by Sabina Leonelli
ESRC Centre for Genomics in Society (Egenis)
University of Exeter
Web interactions and ICTs enable the production and dissemination of huge masses of data of different types. On the one hand, this leads to the proliferation of new data types, which were not available to social scientists before the advent of Internet and information technology. On the other hand, this also involves the creation of new tools to collect, disseminate and model these data, which are bound to embody specific conceptual framings of the phenomena under investigation (e.g. social entities such as individuals, groups, behaviours).
Within natural science, this situation has long been subject to debate and huge investments have already been made in constructing giant cyberinfrastructures to support e-science research. The use of these resources is hugely affecting how research is carried out as well as how research objects are conceptualised. One example of this is research on model organisms such as fruit-flies or mice. These organisms are now largely conceptualised with the help of ‘community’ databases and so-called ‘virtual organisms’, which enable the analysis of data on those organisms in silico. Thus, virtual representations are shaping experimental practices in vivo (Leonelli and Ankeny, under review). A second example of how e-science is affecting the natural sciences are the emerging classification tools used to collect and organise experimental data. Arguably, the most important among such tools are the so-called ‘ontologies’, which provide classificatory categories for data and phenomena at the same time, and thus shape the ways in which data are interpreted towards the discovery of new phenomena (Leonelli 2010).
The social sciences have been slower than the natural sciences in exploiting the potential of e-science, and therefore the ways in which e-social science is affecting our understanding of social phenomena are not yet as clear. I here wish to highlight four sets of issues that I think should be addressed by anyone engaging in e-social science, and where the traditional approaches proposed by social science methodologies need to be re-examined and revised in order to retain their relevance. As highlighted by Annamaria Carusi and Anne Beaulieu in their introduction to this panel, these issues are at once ethical, epistemic and methodological: they are key concerns for the conceptualisation, pursuit and future use of e-science as a tools for social analysis, and thus deserve to become part of a manifesto of e-social science.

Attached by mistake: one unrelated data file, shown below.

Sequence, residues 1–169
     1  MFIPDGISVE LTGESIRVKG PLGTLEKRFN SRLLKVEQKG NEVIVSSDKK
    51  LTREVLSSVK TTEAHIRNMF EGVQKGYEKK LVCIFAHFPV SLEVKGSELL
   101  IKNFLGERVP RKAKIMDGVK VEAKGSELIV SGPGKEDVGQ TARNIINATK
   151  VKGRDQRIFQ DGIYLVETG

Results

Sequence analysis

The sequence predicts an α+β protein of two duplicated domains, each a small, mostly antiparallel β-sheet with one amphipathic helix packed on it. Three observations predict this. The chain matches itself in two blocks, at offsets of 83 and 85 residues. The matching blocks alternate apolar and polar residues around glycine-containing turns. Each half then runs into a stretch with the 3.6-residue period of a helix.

1. A reflexive, expert approach to information technology.
Now more than ever, social scientists need to be extremely aware of how the technology that they use to conduct their analysis works. For instance, consider the software used to classify and disseminate huge masses of data; or the modelling tools used to visualise statistical patterns. Programs used to analyse data online make use of specific assumptions about what constitutes an individual, an intention, a group – and one imperative for e-social science is to make such assumptions as clear and questionable as possible. A consequence of this is the necessity for social scientists to become as familiar and well-informed as possible not only on how e-science tools can be used, but also on how they were/are developed in the first place, and how flexible they are to further manipulation. The question that then arises concerns the expertise that social scientists need to possess. In order to be reflexive about the assumptions embedded in the technologies that they study and use, and their social implications, do social scientists need to reach the same level of technical expertise as the producers of, for instance, specific algorhythms? And/or do they need to devise new modes of collaborative work, involving team-work with IT experts? In other words, does the entry of computer science in social science imply a shift in the type of training, and division of labour, characterising social scientific work? A related question concerns the entry points available to social scientists for investigating the power and use of specific technologies. The early stages of design of a technology are an excellent moment for intervention and collaboration between IT engineers and social scientists, and yet often this is not the stage where the social effects of using a specific technology on a large scale can be observed and studied. How do social scientists study the assumptions embedded in technologies that are already widely implemented and used? Yet another conundrum arising in relation to this issue is the global dimension of e-science. How do local practices of technology development and use intersect with the distributed nature of the social networks involved in these practices? And what does that mean in terms of choosing loci for fieldwork?